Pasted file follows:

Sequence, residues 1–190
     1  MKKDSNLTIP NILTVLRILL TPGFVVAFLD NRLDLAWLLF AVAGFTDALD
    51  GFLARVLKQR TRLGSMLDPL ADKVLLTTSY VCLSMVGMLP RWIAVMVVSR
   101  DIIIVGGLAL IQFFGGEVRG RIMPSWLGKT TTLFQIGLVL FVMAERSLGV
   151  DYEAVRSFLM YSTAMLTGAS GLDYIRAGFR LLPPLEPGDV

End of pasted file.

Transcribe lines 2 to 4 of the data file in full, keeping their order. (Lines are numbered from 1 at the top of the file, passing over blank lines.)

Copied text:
     1  MKKDSNLTIP NILTVLRILL TPGFVVAFLD NRLDLAWLLF AVAGFTDALD
    51  GFLARVLKQR TRLGSMLDPL ADKVLLTTSY VCLSMVGMLP RWIAVMVVSR
   101  DIIIVGGLAL IQFFGGEVRG RIMPSWLGKT TTLFQIGLVL FVMAERSLGV